How well does UZR predict UZR?

As I mentioned a few days ago, Fangraphs now has UZR data from 2002-2008. This is fantastic for two reasons. One, we now have a truly advanced and freely available defensive metric that’s easily accessible.

And we also get the chance to play around with the guts of UZR a bit and see how it works and what makes it tick. So, if you’re not afraid of trying to look a little deeper into UZR and defense in general, here goes nothing.

A simple little test. I simply looked at matched pairs of a player at a position, year one to year two. I wanted to see how well UZR (in this case, UZR/150) from year one agreed with year two.

I used two simple tests: average absolute error and correlation. No minimum cutoffs; instead I weighted each player by the smaller number of defensive games between the two seasons.

And here’s the results:


Curiously, outfield UZR is better correlated with year two performance; and yet infield UZR has a lower average error year-to-year. I’ll be honest – I can’t explain it, although my feeling is that AAE is more useful than correlation in this case.

I shouldn’t have to tell you that a 10-run error band, given that UZR/150 should generally range from about -15/15 for a full-time player at a postion, is pretty big. That said, this includes all players, including a lot of part-timers. (If I cut it down to only players with > 90 DG, the AAE drops to about 8.)

So here’s the biggest caution I can give you with defensive (or ANY sample) data: use more than one season! Regress to the mean! Doing these two things will save you much grief later on.


8 Responses to How well does UZR predict UZR?

  1. Pizza Cutter says:

    I’d interpret that a little differently, Colin. Fielding performance is one of those “a lot of luck” involved things. It’s not DIPS-BABIP range, but it’s less reliable than we might think. Can you break that down by position?

  2. jinaz says:

    There’s clearly both a measurement-error problem (“video scouts” are apparently not very reliable, given the BIS vs. STATS Inc differences) and a “luckiness” issue. The first issue can be helped by using multiple data sources (e.g. still use a STATS Inc based system, and maybe TotalZone too, plus bUZR, and average ’em). It won’t eliminate the problem, but it’ll reduce it if you’re only using one year.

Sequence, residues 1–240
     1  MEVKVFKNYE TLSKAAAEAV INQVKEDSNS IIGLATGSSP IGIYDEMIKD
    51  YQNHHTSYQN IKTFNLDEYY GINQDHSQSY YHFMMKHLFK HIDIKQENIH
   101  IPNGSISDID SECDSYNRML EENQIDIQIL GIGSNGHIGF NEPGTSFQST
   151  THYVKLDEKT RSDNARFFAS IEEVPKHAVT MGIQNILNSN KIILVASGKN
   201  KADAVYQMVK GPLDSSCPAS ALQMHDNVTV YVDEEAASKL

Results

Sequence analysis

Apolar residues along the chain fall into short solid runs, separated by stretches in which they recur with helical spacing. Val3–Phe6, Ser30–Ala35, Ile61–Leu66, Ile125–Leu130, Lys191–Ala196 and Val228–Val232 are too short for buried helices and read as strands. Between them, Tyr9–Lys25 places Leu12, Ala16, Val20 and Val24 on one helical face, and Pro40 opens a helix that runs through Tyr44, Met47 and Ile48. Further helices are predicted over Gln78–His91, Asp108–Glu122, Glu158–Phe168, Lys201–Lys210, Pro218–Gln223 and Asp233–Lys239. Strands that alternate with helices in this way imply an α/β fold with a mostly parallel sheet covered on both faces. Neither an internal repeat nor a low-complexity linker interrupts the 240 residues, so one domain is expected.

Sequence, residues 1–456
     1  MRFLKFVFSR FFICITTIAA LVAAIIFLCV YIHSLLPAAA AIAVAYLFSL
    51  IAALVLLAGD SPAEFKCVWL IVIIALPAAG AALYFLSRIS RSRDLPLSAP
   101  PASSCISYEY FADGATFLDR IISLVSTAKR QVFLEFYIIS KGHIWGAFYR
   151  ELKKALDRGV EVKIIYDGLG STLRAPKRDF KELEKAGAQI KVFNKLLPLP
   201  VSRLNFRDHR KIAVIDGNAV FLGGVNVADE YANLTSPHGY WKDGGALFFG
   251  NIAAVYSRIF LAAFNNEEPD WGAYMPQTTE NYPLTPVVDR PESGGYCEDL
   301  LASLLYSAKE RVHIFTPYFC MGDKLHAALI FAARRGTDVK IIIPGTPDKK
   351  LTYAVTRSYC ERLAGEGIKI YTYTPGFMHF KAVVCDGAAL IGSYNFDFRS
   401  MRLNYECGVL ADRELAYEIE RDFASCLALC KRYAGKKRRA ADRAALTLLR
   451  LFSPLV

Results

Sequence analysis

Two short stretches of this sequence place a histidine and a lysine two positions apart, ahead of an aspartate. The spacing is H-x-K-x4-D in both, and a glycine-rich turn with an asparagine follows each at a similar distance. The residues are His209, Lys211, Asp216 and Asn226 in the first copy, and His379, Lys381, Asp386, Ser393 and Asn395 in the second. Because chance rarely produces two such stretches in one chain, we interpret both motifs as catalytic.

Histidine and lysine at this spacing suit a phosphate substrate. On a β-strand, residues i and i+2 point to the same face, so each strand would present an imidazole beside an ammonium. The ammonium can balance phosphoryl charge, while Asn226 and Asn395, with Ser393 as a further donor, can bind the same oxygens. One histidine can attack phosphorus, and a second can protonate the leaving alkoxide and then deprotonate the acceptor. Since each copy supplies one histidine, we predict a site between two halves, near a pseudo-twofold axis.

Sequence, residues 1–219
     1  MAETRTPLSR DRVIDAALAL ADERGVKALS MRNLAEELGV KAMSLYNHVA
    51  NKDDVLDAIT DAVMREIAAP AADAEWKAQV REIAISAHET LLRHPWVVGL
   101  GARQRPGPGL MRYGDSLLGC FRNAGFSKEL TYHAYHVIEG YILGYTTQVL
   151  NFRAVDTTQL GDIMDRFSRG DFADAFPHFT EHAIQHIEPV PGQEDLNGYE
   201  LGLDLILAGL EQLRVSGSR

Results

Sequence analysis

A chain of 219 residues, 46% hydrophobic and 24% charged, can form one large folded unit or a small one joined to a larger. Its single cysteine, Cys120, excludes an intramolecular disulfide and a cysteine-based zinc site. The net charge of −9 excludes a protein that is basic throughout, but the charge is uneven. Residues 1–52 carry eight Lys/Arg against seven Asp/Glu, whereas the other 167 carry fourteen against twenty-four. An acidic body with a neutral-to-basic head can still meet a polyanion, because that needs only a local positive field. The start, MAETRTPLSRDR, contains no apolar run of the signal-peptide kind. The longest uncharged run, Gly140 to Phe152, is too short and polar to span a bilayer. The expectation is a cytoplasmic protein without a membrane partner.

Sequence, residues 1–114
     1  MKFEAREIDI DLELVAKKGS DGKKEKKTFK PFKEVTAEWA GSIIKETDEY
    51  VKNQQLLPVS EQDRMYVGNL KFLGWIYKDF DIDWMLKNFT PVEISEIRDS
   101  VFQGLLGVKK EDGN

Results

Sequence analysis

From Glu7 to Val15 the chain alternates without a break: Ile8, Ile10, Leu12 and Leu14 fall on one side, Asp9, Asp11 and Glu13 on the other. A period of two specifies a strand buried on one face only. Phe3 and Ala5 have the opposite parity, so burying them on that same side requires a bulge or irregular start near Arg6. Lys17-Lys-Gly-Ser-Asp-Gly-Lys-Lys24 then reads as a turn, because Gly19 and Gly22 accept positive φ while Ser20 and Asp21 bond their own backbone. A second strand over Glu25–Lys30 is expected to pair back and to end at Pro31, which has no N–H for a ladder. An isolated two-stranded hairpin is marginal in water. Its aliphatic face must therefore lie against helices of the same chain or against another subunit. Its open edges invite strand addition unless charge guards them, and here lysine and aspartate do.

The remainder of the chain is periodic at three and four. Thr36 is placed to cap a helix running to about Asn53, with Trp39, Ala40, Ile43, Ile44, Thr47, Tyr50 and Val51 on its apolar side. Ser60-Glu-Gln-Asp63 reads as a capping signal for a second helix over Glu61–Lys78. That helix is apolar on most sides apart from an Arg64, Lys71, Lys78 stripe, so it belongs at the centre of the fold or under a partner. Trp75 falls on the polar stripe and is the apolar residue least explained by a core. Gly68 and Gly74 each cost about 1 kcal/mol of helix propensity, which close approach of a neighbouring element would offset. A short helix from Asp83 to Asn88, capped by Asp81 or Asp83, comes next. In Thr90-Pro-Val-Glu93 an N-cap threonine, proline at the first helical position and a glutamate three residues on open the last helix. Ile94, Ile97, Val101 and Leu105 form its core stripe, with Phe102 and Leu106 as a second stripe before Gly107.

The luckiness issue is best resolved by using multiple years and regressing to the mean. Those help with the user error problem too, of course.
    I really like Rally’s defensive projections, as they do all of this. I’m guessing he’ll use bUZR in his next update instead of RZR. -j

  3. dan says:

    Just curious…. If someone were to add up all the individual UZR numbers for a team, how would that compare to the team’s overall DER (or some team defense stat)? You would think they’d be close or the same, but if they’re not then that’s obviously a huge red flag.

  4. Colin Wyers says:

    It’s a good question, Dan. Unfortunately the way I gathered the UZR data off Fangraphs doesn’t work well for that – players who played for more than one team are only listed at their seasonal line. I could try and go back and recollect all the data the long way around, but it would be… tedious. I’m not ruling it out.

  5. dan says:

    I just did this quickly by hand for the Phillies. Addind up all the individual UZR data for players comes out to 48.3, and the team pages adds up to 48.5. I guess the team pages just automatically do what I just did. THT’s team fielding stats have the Phillies at +52, using RZR (I think ). Not sure if that means anything, but the individual UZRs add up to be pretty close to THT team data.

  6. dan says:

    And just to clarify, I realize they are from similar data sources.

  7. Sky says:

    Dan, team UZR and DER should have a decent correlation, but there still is the “luck” piece of DER to consider. Even over a full season, a team of pitchers might happen to give up batted balls that are easier or harder to field than average. UZR takes the difficulty of those batted balls as its inputs, so ignores the luck piece. DER still contains luck.

  8. dan says:

    I didn’t use DER when I did the thing for post #5, just to be clear.

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